days when the rain came
Tomorrow afternoon an airplane will lift off from Charles de Gaulle airport, sail through the sky, and drop me at Belfast International.
With two weeks off and the family I work for in the Alps, I'm going back to Northern Ireland.
Three years ago I spent a year living in Northern Ireland. I walked to school in a uniform every day, drank myself silly every weekend, and starting saying things like "What about ya?" Or "What's the craic?"
I shared a small damp apartment with my mother, who left her life at home to taste a new one, just for a year, in the country she left as a little girl.
We kept warm by snuggling into her bed and reading poetry.
We kept busy by going to lectures, taking train rides, and hunting down live music. We spent all day in the rain, on the lawn of an old castle, and saw Van Morrison sing live in concert.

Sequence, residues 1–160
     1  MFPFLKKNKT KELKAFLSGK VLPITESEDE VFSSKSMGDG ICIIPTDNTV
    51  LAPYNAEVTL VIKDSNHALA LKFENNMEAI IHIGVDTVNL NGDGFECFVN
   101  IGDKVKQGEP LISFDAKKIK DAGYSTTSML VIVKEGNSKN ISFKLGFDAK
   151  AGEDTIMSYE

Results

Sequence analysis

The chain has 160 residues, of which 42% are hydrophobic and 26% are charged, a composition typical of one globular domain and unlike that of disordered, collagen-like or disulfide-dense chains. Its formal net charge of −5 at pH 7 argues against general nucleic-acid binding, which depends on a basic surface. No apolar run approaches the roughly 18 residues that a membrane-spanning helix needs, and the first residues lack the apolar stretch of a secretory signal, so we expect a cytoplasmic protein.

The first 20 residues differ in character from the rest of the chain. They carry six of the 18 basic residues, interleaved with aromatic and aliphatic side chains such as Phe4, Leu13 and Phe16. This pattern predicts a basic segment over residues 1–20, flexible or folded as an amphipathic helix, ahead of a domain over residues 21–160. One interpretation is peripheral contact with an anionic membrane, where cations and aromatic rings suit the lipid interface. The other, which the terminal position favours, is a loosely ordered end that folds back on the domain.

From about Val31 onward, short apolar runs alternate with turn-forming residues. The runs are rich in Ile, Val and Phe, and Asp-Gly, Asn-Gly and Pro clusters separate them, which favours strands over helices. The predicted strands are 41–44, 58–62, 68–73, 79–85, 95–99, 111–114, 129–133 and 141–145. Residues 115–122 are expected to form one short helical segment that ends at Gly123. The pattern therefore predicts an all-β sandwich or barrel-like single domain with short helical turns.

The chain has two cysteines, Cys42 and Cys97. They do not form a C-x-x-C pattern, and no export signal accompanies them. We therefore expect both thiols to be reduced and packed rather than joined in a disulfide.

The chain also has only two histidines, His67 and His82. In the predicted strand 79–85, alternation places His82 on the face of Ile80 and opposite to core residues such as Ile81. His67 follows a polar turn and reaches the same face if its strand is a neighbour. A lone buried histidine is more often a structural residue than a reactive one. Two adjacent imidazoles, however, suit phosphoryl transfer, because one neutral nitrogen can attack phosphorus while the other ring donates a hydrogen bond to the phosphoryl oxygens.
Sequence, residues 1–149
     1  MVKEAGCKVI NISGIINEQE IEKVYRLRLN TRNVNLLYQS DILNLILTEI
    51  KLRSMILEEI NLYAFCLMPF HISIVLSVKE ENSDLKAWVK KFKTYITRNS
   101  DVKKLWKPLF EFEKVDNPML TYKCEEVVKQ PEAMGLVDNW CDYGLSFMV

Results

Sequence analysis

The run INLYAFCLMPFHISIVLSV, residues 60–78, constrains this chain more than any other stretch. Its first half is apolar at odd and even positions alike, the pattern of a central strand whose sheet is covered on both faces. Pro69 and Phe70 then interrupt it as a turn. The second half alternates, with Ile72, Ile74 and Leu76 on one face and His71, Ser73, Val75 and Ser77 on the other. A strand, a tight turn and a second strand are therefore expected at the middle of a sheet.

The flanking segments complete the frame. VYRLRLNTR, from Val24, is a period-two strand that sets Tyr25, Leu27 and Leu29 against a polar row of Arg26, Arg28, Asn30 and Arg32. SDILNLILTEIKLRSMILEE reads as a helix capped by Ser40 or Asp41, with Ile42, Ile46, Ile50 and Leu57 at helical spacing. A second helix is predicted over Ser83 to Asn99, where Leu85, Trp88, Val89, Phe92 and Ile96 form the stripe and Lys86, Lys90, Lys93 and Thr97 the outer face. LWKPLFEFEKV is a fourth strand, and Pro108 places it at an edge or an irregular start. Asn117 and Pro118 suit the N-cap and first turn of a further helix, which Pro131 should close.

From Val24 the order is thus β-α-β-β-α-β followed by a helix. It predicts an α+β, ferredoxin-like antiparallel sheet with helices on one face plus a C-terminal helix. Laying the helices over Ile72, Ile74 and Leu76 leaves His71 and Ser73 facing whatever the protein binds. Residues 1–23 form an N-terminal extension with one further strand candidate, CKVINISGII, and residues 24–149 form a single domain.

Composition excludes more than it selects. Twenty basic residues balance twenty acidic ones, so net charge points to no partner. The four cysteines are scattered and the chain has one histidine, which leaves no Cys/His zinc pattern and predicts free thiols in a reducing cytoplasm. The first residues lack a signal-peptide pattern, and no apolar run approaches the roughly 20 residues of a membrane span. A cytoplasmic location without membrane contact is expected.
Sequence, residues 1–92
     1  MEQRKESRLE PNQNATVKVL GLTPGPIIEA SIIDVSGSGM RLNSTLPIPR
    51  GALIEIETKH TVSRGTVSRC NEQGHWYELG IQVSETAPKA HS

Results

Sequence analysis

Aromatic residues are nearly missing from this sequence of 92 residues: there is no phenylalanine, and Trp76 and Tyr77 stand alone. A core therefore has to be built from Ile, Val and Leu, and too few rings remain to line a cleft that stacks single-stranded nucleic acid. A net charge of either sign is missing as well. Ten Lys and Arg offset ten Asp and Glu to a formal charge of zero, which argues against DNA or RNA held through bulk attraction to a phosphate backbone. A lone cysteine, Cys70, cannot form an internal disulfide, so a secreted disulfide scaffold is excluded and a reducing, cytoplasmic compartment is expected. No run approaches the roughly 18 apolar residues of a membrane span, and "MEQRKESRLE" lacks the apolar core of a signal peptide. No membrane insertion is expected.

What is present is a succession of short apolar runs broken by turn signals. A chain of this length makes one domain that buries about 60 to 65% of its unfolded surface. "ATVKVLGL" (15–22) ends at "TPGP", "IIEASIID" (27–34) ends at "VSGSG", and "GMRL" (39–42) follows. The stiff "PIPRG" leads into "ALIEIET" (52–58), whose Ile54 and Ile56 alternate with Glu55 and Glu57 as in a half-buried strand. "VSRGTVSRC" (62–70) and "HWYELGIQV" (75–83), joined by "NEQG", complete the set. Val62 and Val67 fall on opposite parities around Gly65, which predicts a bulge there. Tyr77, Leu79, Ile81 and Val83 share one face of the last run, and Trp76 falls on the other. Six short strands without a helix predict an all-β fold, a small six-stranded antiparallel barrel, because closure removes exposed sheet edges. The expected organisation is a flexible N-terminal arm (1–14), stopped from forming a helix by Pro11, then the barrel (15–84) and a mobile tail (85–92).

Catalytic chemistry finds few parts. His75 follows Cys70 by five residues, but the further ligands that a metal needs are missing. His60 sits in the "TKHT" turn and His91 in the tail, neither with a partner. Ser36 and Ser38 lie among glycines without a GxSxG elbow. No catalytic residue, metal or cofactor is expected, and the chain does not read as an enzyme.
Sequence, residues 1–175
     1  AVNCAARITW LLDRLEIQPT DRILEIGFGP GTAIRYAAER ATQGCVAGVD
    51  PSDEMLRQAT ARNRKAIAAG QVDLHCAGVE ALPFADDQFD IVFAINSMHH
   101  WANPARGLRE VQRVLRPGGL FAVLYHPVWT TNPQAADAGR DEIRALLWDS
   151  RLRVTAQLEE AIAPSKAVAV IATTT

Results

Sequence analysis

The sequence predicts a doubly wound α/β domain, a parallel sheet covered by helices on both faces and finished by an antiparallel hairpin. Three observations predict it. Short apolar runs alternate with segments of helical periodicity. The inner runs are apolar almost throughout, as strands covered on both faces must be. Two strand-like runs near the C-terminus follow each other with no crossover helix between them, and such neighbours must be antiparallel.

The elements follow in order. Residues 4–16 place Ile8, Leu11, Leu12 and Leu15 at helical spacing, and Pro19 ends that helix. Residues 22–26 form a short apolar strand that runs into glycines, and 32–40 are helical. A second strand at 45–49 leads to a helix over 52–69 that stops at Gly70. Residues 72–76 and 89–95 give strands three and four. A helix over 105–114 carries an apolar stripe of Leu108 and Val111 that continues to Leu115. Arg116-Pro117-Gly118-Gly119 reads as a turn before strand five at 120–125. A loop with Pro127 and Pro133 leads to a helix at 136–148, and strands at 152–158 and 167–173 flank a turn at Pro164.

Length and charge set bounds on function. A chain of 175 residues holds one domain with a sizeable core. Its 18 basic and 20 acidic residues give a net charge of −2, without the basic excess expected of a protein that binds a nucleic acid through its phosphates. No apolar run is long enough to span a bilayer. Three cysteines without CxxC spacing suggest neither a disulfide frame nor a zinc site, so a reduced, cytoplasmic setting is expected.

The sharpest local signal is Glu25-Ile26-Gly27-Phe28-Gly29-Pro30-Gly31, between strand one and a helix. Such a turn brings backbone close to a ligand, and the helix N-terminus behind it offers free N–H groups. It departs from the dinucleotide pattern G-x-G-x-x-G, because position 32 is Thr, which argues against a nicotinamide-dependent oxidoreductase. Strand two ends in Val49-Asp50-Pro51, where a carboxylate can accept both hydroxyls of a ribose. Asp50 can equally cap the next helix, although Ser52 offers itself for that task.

We didn't have a car, we didn't have much money, and we didn't have the same values as the religious community that surrounded us, but we got by.
We got by because we had family. We had my mothers cousin, his beautiful family, and my great auntie Isabelle. Their generosity kept us alive. They lent us furniture, bed sheets, invited us for dinner, drove us places, and showed us the beauty of this small damp country.
My second cousin, Suzi, felt like a close friend from the moment she picked us up from the airport, and never treated me like the 16-year-old I was.
Sixteen or not, I went clubbing and bar hopping in Northern Ireland more than I ever have in my life. I would saunter into liquor stores, buy a bottle of vodka, and walk out with a proud Canadian smile. I would wear skirts to bars, order double vodka redbulls, and grin as my 18-year-old friend was made to go home to get his ID.
I like Northern Ireland. I like the people. I like the accents. I love my family there. I don't like the bland food or the fight over religion, but it's all worth putting up with the second you enter a bar, or sit down with family for a Sunday roast.
So I'm going back. Back to my roots. Back to a part of my life. Back to the accents, the bars, and to the people who took me in when I was sure I didn't belong.